Water, water everywhere
A little bit of excitement flowered in Glen Ellen when a major geyser erupted on the corner of Henno and Warm Springs roads last week.
Apparently the cause was a major truck trying to maneuver the minor roads, something we see frequently here in Glen Ellen these days. Attempting to back up in a tight space, the truck encountered a fire hydrant, causing it to burst.
Though we didn’t witness it, we saw photos of a large transport truck carrying multiple cars. We wonder why that was on Henno Road? Can’t see any car dealers in this vicinity. I hope he was taking cars away, and not dropping them off. We have enough.
Braille method bumps in the night
For the first three decades we lived here at Creekbottom, the only big truck we saw in the neighborhood was the weekly garbage truck, and back then, there was just one.
Then in the past decade, truck traffic began to bloom, and faster traffic too. Now big trucks are more than occasional visitors up and down our tiny lanes. Many barely navigate the historic bridge on O’Donnell Lane. In fact, one didn’t entirely keep to the straight and narrow on a recent bridge crossing. The amazing scars are easy to see on the bridge’s guard wall.
But those certainly aren’t the first scars that venerable old bridge has suffered. For many years, an eccentric and beloved neighbor found his way home from the lodge at 2 a.m. by using those guard walls as a guide. That fellow has long since gone to his heavenly reward (and he will remain unnamed). But, back in the day, when we’d be awakened by a bump on the bridge, we knew he was soon to be safe at home. The good news is, he always moved slowly.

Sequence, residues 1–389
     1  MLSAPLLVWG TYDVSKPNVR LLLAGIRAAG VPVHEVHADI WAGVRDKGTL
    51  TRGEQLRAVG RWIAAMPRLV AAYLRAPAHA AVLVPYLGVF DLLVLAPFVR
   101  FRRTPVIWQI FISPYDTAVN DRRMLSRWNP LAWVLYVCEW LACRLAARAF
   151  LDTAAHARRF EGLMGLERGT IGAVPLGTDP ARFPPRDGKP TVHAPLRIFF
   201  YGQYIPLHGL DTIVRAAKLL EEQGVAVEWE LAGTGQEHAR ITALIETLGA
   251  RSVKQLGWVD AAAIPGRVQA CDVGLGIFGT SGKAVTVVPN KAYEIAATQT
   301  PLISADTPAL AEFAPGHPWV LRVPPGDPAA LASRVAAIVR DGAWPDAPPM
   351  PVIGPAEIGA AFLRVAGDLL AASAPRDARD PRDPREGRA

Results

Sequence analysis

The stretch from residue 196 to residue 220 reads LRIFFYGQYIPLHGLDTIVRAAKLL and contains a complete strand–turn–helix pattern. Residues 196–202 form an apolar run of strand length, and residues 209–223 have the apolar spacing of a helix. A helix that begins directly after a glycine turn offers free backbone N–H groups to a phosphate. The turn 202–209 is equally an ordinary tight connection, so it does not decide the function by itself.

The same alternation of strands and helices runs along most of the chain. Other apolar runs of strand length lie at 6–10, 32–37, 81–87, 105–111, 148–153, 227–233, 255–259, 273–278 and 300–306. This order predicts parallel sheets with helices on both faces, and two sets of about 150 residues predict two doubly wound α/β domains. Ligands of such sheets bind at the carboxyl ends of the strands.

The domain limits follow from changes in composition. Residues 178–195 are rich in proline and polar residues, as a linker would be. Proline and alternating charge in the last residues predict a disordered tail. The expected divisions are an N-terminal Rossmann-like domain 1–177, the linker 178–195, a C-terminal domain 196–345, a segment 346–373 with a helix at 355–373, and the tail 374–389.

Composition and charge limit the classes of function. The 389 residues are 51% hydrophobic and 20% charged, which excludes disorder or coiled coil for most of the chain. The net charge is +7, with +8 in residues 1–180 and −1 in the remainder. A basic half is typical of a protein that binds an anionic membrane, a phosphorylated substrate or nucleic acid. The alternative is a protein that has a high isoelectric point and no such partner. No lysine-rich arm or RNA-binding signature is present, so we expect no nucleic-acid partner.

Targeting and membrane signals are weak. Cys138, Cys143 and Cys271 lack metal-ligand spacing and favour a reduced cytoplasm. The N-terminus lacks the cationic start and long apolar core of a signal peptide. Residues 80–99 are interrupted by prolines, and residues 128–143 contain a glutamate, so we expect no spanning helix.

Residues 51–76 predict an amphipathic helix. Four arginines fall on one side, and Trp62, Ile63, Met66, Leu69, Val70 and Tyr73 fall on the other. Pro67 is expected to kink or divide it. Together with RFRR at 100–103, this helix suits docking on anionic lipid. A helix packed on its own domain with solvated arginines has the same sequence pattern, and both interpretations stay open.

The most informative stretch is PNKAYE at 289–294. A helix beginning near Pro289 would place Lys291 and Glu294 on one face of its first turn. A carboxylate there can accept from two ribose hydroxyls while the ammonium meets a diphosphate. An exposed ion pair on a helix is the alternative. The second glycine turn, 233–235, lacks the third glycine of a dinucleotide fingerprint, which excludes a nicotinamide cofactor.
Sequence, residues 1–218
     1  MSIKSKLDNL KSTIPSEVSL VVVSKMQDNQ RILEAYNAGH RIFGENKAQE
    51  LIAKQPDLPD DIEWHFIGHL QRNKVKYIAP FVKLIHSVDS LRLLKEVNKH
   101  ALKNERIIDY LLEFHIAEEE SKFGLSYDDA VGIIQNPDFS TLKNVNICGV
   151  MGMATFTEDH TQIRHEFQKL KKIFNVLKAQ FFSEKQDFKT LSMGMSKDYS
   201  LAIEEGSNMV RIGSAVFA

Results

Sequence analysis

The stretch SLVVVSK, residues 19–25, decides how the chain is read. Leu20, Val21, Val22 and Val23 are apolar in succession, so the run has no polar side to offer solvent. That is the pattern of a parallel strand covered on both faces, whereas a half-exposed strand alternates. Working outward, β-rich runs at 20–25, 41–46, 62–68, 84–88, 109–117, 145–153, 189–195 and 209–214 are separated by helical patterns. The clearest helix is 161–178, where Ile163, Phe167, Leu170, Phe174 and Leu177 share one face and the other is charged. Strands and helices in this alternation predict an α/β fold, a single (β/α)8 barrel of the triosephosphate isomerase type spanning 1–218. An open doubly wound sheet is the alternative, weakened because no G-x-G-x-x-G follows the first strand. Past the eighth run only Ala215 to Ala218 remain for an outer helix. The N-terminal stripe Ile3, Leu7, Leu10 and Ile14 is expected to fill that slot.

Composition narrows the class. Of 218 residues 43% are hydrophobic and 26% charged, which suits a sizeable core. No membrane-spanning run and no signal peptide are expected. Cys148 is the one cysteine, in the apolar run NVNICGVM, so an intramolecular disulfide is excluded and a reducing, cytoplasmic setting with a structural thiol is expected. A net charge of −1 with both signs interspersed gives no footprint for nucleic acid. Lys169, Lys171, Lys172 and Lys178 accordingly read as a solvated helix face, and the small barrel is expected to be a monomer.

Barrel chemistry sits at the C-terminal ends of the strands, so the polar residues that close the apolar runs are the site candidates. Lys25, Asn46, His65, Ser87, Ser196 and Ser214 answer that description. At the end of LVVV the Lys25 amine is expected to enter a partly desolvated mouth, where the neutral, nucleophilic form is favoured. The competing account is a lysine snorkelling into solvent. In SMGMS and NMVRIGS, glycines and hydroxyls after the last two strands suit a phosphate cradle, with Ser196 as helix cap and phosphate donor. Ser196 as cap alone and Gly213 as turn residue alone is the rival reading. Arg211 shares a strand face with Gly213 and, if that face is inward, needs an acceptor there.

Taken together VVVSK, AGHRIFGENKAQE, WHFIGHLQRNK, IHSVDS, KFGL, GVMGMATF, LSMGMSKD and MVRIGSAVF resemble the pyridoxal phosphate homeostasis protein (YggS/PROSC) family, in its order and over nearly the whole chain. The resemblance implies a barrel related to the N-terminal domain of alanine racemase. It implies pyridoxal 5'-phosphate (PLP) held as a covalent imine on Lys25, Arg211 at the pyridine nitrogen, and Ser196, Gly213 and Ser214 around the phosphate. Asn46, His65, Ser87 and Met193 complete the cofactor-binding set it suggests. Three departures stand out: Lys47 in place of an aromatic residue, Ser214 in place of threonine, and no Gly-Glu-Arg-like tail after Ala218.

Fast cars are threatening, fast trucks are worse. And huge trucks on that little bridge are just too big. And probably in violation of the weight limits, too.
Playing in traffic
As for Arnold Drive, the traffic through Glen Ellen is constant. Sweetie and I joke that old folks like us have to plan our crossings carefully these days. Even then, we sometimes encounter cars racing through town so fast they seem to appear out of nowhere, as we attempt to cross from the little market to Carmel Avenue on our way to the Regional Park.
While I’ll never be good at out-pacing racing cars, I have developed a pretty formidable stance to make them stop long enough so I can waddle across the street. These lame legs have their own speed limit.
My technique, in case you care to know: I stop when cars approach too fast, keep two feet planted firmly, slightly wider than my hips, my arms outspread (like I might do to intimidate a mountain lion), Then with a wave or two to get the car to see me, I proceed. Wakes up most of them. So far, so good.
But I’m glad I didn’t have to tangle with that transport truck backing up blindly across Henno and Warm Springs roads.